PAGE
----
On February 10, 1933,
Adolf Hitler delivered his first radio address, dubbed Proclamation to the German Nation. On this historic night, the
audience – a nation of disillusioned people that had been suffering and thrown
into economic turmoil – were anxiously awaiting deliverance by their newly
appointed Chancellor (of Germany): Adolf Hitler. Hitler gave his Proclamation
to the German Nation, not only to thousands of enthusiastic supporters in
Berlin but also to the millions of citizens who were desperate for a change.
Hitler delivered this
speech just days after becoming the Chancellor of Germany in 1933, and the
primary message he expressed was how he and his party were going to help
Germany while condemning the previous leaders. He knew exactly what the German
nation wanted to hear and he used that to his advantage to manipulate and encourage
the beaten down German people. The German people were disappointed by their previous
government, so there was an unrelenting spark of hope that their new leader would
save their country.
Hitler used various
techniques to appeal to his suffering audience. The primary audience was the
vulnerable German people who at this point were willing to accept the
leadership of anyone who offered a better future. And he used this to his
advantage by making vague promises and giving the German people reasons to hope.
There was purpose in his pathos-infused speech—to praise his audience and
terrify them. He does this by taking his audience on an emotional roller
coaster ride—from despair, to fear to hope—which allowed him to position himself
as Germany’s new leader and savior. In an effort to make himself appear to be
the solution to the, he established his character by comparing himself to
Germany’s previous leaders. He not only does this to remind his audience who caused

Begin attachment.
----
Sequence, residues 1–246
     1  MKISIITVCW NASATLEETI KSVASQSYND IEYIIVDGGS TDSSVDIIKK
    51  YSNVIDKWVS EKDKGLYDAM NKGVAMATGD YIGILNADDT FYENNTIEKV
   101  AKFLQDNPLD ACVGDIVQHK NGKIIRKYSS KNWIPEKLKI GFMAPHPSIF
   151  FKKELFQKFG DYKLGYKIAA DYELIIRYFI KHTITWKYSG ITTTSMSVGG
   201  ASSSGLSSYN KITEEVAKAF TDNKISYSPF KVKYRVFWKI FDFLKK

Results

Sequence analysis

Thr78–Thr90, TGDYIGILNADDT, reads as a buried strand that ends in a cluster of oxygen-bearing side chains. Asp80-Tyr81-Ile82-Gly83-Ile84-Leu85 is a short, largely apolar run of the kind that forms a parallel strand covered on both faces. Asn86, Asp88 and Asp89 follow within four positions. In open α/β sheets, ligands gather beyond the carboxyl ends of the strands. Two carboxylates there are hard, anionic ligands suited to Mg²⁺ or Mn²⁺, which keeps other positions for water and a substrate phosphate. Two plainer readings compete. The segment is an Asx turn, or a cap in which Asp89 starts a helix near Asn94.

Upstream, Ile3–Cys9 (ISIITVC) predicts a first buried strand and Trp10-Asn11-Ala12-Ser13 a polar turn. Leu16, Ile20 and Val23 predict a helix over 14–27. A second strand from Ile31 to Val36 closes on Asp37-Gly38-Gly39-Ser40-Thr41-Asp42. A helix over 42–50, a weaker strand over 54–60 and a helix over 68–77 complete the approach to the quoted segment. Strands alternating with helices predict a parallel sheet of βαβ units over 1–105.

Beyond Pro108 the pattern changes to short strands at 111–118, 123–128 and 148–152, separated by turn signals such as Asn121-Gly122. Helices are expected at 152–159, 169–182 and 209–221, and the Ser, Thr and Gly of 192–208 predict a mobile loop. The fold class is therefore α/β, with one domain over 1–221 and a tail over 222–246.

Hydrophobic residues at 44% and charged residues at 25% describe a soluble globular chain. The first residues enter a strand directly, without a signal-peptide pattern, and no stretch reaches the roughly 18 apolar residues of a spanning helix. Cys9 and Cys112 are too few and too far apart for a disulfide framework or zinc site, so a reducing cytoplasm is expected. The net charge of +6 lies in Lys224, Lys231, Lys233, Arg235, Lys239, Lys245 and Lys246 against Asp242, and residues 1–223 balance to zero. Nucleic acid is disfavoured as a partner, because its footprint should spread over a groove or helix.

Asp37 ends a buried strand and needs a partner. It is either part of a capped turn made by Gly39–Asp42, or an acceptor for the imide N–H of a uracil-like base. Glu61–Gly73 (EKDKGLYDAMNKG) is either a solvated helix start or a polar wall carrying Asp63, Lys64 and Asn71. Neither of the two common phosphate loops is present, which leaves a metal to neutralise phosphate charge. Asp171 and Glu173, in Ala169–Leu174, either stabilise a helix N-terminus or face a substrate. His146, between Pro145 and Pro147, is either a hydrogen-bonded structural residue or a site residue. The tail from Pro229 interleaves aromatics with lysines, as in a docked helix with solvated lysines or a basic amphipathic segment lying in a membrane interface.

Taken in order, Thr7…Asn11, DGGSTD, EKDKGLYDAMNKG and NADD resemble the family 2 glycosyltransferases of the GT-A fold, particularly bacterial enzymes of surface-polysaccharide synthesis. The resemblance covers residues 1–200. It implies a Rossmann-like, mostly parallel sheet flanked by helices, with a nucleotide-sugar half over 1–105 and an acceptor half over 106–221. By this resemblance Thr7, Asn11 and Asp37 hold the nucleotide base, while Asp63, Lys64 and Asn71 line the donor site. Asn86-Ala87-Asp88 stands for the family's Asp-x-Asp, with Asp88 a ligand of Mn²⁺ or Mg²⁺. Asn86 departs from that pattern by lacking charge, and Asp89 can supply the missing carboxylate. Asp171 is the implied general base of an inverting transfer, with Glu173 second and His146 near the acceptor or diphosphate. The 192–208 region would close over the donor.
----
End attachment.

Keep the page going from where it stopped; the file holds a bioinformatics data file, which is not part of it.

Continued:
Germany’s loss of power but to also create an idea of “us versus them.” He relates to the citizens by expressing that
he too has been betrayed and disappointed with the legacy of the previous
fourteen years. Hitler relies mostly on pathos-driven claims to convince his
audience that with his help, Germany can once again become prosperous. In an attempt
to emotionally connect with the citizens, he uses references to family, culture,
and faith, thus making him relatable. In addition to connecting with the audience
on an emotional level, he also mentions that the fault for Germany’s downfall
lies with those who formerly held leadership positions. Hitler uses this
strategy to show the audience that the previous leadership betrayed and
deceived the citizens of Germany and Hitler is on their side. He uses empty rhetoric
to manipulate his listeners and makes vague promises—that Germany will once
again become a robust and uncompromising nation.
Hitler knew the Germans
were desperate for change and he carefully tailored his speech to successfully
gains the trust of the audience. He used an empathetic tone and provided the
German citizens with hope for the future by tapping into their anger and vulnerability.
He also placed the “fear of God” into the hearts of his listeners to ensure that
they realized Germany’s biggest enemy was the democracy. By placing the “fear of
God” in them, it allowed him to portray himself as the leader the German people
needed to overcome the strains of poverty and war.
In conclusion, I can see
how Hitler was able to rise to power so quickly and can identify with what the
audience may have felt during the time of Hitler’s address. He knew the German
citizens already lacked confidence in their weak government and he attracted
the German people by promising them a new and glorious Germany. Given the circumstances,
I probably would have also been manipulated to believe that Hitler was the
savior that Germany needed. I think it’s important to note the consequences due
to the chaos and resentment of Germany was experiencing at the time.